CHARLOTTE (QUEEN CITY NEWS) — The Queen City is a top contender for the Atlantic Coast Conference. 

For 70 years, the ACC has called Greensboro home, but the potential to move has become more likely.

“What do you think was the main push behind that?” Queen City News Chief business Correspondent Taylor Young asked.

“I think that they were tired, the people that came in were tired of going to Greensboro, it sounds silly but when you are doing business and you are bringing people in, high profile people, that kind of this does matter,” long-time sports and managing editor at the Charlotte Business Journal Erik Spanberg said.  “Certainly, you want to be in within, as they always say it, their footprint. You want to be near some of our schools and Charlotte and Orlando, all of the cities they talk about met that,” Spanberg said.

Last month, North Carolina state legislators made a plea to keep the conference in the state.

The state would give the ACC $15 million to lock in their stay in North Carolina for at least 15 years.  

“What would that adjustment look like if Charlotte is chosen?” Young asked.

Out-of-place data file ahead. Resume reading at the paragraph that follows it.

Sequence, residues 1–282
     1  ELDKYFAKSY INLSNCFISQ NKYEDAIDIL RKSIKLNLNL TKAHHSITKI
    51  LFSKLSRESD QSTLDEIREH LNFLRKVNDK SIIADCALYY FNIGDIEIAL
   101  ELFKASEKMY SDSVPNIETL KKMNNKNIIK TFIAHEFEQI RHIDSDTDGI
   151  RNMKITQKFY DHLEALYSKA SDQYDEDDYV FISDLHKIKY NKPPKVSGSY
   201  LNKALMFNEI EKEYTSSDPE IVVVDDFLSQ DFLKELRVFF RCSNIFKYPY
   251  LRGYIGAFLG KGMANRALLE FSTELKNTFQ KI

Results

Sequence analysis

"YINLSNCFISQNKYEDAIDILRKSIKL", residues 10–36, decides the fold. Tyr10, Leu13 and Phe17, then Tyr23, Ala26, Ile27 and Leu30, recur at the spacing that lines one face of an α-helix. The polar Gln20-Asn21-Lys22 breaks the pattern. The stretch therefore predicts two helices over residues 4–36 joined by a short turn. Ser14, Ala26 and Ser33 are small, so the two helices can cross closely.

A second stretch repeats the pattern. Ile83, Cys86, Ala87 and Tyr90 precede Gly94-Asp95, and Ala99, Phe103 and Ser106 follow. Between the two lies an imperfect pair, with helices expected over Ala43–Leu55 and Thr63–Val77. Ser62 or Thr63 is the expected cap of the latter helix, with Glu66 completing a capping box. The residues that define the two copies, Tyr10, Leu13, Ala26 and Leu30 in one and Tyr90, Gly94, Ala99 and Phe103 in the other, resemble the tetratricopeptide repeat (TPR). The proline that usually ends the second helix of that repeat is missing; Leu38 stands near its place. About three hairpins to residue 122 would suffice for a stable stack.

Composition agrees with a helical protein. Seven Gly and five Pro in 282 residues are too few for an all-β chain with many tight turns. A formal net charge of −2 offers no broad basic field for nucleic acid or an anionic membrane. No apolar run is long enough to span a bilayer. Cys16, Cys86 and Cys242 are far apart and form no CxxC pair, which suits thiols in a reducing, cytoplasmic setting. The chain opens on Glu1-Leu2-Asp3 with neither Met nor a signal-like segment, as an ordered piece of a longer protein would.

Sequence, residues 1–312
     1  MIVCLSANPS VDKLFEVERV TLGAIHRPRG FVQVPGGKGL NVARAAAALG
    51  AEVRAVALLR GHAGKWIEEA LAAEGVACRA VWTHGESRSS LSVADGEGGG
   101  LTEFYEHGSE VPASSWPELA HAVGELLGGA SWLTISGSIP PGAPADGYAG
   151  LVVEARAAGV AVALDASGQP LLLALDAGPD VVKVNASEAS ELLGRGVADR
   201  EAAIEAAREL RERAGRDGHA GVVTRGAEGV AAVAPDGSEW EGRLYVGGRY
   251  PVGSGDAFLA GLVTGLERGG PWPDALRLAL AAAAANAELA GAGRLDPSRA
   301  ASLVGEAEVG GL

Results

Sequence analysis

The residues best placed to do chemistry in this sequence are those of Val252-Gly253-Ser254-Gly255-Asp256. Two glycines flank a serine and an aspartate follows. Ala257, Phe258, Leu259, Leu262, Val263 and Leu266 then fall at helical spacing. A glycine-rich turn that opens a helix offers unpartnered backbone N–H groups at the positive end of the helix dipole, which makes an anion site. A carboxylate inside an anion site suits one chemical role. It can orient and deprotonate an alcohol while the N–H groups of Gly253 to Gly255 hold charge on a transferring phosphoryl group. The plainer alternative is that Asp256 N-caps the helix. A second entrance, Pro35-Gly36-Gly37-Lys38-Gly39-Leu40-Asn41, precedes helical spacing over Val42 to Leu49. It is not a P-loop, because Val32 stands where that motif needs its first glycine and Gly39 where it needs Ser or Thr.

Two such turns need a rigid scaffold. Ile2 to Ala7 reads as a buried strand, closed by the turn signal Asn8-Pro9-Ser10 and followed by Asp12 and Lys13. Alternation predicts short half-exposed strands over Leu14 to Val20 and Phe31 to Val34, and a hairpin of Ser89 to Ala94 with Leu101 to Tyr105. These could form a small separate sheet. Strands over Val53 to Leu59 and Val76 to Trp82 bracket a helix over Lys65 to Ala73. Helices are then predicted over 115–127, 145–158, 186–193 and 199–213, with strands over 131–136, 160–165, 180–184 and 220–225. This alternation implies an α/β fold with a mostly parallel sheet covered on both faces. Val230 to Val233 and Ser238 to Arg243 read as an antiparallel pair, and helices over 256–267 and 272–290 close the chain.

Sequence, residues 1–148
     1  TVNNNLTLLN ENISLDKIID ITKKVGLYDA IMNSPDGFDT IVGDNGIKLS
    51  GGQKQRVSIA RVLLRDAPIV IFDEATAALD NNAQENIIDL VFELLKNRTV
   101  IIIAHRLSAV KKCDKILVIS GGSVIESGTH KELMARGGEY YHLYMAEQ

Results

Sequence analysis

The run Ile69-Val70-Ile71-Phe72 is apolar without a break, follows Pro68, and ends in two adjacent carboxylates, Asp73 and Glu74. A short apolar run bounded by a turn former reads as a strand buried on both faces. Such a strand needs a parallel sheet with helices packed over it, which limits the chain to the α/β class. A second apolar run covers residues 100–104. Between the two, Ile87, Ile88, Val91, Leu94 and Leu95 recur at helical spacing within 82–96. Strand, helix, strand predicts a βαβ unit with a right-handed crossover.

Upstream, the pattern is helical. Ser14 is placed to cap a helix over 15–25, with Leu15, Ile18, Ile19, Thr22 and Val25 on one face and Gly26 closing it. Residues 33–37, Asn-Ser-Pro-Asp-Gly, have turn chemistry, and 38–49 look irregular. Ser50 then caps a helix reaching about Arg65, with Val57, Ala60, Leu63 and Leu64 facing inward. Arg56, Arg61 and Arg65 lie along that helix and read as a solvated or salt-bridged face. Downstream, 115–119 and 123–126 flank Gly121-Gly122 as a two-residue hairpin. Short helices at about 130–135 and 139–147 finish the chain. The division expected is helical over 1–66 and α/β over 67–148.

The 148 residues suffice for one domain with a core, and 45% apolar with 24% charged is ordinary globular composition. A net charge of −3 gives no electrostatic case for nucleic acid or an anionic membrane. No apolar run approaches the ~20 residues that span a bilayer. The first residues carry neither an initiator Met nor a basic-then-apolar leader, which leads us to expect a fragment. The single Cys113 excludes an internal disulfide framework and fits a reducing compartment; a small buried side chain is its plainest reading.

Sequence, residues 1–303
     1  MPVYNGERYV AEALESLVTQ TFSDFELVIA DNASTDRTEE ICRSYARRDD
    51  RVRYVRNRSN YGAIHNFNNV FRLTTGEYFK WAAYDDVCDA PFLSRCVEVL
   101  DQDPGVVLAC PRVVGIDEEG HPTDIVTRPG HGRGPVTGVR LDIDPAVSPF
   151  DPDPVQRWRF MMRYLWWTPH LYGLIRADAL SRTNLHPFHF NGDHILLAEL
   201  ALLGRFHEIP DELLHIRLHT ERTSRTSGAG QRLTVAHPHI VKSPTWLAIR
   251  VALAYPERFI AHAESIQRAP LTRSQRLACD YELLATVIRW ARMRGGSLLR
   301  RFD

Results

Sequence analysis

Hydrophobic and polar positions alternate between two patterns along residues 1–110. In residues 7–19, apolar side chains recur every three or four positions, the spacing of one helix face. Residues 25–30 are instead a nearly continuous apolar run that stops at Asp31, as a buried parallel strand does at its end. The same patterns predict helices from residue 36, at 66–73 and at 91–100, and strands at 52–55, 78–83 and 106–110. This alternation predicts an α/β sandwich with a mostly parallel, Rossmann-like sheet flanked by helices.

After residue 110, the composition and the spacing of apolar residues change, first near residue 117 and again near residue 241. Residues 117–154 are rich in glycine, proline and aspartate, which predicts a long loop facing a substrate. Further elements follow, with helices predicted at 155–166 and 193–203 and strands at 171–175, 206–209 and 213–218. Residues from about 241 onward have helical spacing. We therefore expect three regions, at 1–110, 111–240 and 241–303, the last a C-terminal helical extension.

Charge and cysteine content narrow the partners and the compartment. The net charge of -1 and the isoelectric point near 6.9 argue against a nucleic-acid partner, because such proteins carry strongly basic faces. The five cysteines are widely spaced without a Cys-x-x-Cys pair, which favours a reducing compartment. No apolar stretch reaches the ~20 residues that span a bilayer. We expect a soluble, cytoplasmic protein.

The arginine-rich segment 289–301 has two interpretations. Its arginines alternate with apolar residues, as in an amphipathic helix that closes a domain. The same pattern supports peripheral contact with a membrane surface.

“I think that with the move to Charlotte, assuming all of that happens, you would see more men’s basketball tournaments played in Charlotte,” Spanberg said.

While the relocation is a topic of conversation, so is the future of the ACC. 

Talks of conference realignments and competition with bigger franchises have many questioning how the ACC will compete for top schools and air time.

“I think the next year is going to decide their fate, whether they become secondary, or worse, or they get closer. They are not going to overtake the Big Ten or the SCC, nobody is. But can you get back into the conversation? I think that’s the big question and I think commissioner Jim Phillips is going to have to figure that out in the next year. He has 15 school presidents breathing down his neck saying, ‘where are we going,” Spanberg said.